A groundbreaking research study jointly by the National University of Singapore and the Chinese University of Hong Kong has successfully reconstructed “high-quality” videos using artificial intelligence to process signals from human brain activity.
The study utilized popular AI model that generates images from text, Stable Diffusion, and a model that generates videos from brain waves called MinD-Video.
The MinD-Video system, defined as a “two-module pipeline,” was particularly designed to bridge the gap between image and video brain decoding. To train the system, researchers utilized a publicly available dataset containing videos and functional magnetic resonance imaging (fMRI) and electroencephalogram (EEG) readings of subjects who watched those videos.
The study’s findings revealed a remarkable level of similarity between the videos shown to subjects and the videos generated by the AI model based on their brain activity. This suggests that the AI system was able to accurately interpret and reconstruct visual information based on the neural signals captured by fMRI and EEG.
The researchers emphasize that this technique holds immense promise for various fields, ranging from neuroscience to brain-computer interfaces, particularly as large-scale models continue to be developed.
The study’s results also shed light on three significant discoveries. Firstly, the predominance of the visual cortex indicates that this region plays a crucial role in visual perception. Additionally, the fMRI encoders operate hierarchically, with the initial layers capturing structural information and deeper layers focusing on more abstract and visual features. Lastly, the fMRI encoder evolves and improves with each learning stage, demonstrating its ability to capture increasingly nuanced information as training progresses.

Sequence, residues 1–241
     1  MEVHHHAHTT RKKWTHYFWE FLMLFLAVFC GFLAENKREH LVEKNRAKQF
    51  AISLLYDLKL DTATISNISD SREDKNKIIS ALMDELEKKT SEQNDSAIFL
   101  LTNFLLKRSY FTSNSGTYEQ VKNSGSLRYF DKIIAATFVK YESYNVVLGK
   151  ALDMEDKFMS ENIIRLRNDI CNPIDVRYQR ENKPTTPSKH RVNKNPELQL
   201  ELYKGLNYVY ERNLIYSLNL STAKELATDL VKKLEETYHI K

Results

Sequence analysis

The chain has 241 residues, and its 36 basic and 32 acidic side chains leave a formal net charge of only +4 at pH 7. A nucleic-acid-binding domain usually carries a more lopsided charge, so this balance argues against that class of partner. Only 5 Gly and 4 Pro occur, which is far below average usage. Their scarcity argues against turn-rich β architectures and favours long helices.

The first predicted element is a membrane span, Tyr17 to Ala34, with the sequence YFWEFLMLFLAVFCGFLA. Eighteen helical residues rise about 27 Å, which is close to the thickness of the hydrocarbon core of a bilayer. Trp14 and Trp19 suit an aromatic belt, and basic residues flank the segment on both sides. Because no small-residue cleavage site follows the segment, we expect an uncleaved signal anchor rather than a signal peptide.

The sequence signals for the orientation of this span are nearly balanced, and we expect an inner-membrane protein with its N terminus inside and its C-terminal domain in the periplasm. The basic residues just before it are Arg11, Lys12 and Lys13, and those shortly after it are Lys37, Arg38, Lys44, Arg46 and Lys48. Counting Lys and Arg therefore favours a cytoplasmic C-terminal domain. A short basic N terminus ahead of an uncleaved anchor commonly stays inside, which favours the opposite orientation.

This study represents a significant advancement in using AI to decipher human thoughts. Previous research by scientists at Osaka University had already demonstrated the reconstruction of high-resolution images from brain activity using fMRI data and stable diffusion techniques.
Building upon this prior work, the researchers extended the Stable Diffusion model to enhance the accuracy of visualization. In their paper, they highlight one of the key advantages of the stable diffusion model over other generative models, such as generative adversarial networks (GANs): its ability to generate videos of not only superior quality but also more consistent with the original neural activity.
The successful reconstruction of high-quality videos from human brain activity opens up a wide range of potential applications and implications. It offers a glimpse into the remarkable capabilities of AI in understanding and interpreting neural signals, which could lead to advancements in fields such as neuroscience, brain-computer interfaces, and even multimedia production.